From the Securities Lending Trading Desk

Mall indoors interior set.

Demand has increased for one of Australia’s largest department store operators after the firm announced a major loss. Borrowers are also seeking shares of Longfin Corp. (LFIN) as some investors question the fintech company’s valuation. In Europe, multiple rights issues are the headline story.

Below please find this week’s edition of From the Trading Desk, which provides timely commentary about top security earners, revenue drivers and other factors influencing the securities lending market from the BBH Securities Lending Trading Team.


We saw increased demand this week for Tencent Holdings Ltd. (TCEHY), Asia’s most valuable company, as the share price declined following news Naspers Ltd. is selling their stake in the company. Tencent, the Chinese operator of the WeChat messaging service, declined roughly 12% following the statement. According to Bloomberg, “the stake Naspers bought for just $32 million in 2001, when Tencent was an obscure Web firm in a nation where few people used the Internet, is now worth $175 billion.” The sale of 190 million shares is worth $10.6 billion based on Tencent’s closing price in Hong Kong on Thursday. The stock price has the potential to continue to fall as the company also recently announced an additional share offering which typically has a dilutive effect on the share price.

There has been increased demand for Longfin Corp. (LFIN) as some investors question the fintech company’s valuation. LFIN went public on December 13 at $5.17 per share. The share price shot up to $72.38 the following week after announcing plans to acquire, a blockchain microfinance startup. While the share price has not been able to sustain those highs, the stock is rallying once again, closing at $61.86 on March 22, up nearly 80% for the month. While investors try to make heads or tails of whether this valuation is warranted, bears have set their sights on LFIN. Demand has spiked, pushing fee levels higher and higher.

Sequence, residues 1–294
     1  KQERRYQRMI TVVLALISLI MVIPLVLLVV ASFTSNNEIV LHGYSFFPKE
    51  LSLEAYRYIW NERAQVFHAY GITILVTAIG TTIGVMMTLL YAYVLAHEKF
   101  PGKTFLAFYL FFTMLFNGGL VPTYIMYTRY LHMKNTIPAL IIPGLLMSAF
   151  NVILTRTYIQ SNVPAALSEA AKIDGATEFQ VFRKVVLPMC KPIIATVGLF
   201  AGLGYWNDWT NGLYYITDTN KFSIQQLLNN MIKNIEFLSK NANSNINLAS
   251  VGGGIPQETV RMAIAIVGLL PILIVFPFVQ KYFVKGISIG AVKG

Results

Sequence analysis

Asia Pacific

One of Australia’s largest department store operators is in turmoil after announcing a major loss. Myer Holdings recorded a first half loss of A$467 million ($366 million) after writing off a staggering A$538 million in goodwill and brands. The retailer’s executive chairman Garry Hounsell admitted that recent changes to the company were rolled out far too quickly, that it overlooked its traditional customer base, and inadequately responded to online competition which in turn adversely affected profitability. The loss has prompted the suspension of its interim dividend which was due this month and many analysts believe that Myer’s will continue to struggle in the short-term. We have witnessed an increase in securities lending demand for Myer’s in recent weeks, whose shares have declined by over 70% in the past year.

Asian-based suppliers of Apple Inc are under pressure after the technology giant said it is designing and producing its own device displays for the first time. Apple announced last week that it is investing heavily in the production of next-generation MicroLED screens which is currently taking place in a secret facility in California. The move is expected to negatively affect various suppliers which are currently contracted with Apple, including Japanese firms Japan Display and Sharp Corp. We continue to witness strong securities lending demand for both Japan Display and Sharp, whose shares slumped by over 5% during the course of trading last week.


Altran Technologies SA’s rights issue is attracting arbitrageurs to the lending market. On Thursday, Altran announced the terms of its anticipated EUR 750mm rights issue, the proceeds of which will be used to finance the acquisition of Aricent. Each 17 rights entitle the holder to purchase 8 new shares @ EUR 9.23 each. Rights are in demand as there is an oversubscription on the offer, and a likelihood that rights will be in the money to short against ords. Borrower levels and arbitrage spreads are expected to trade at moderate levels over the next two weeks.

Last week the desk has seen increased demand on a number of stocks due to their upcoming rights issues. In Italy, Immobiliare Grande Distribuz have issued a EU150 million rights offering in order to part finance the acquisition of four shopping galleries and a retail park in northern Italy. Anima Holding Spa announced a EUR 300 million rights issue in order to partially repay financial debt incurred in connection to the acquisition of Aletti Gestielle. Both issues are set to trade from the March 26 until early April. Finally, in the UK Primary Health Properties proposed raising GBP 100 million at a subscription price of GBP 108 per share representing a 5.3% discount to March 22 closing price. The capital raise will enable the firm to continue delivering long term strategies in acquisitions whilst maintain gearing and supporting a progressive dividend policy.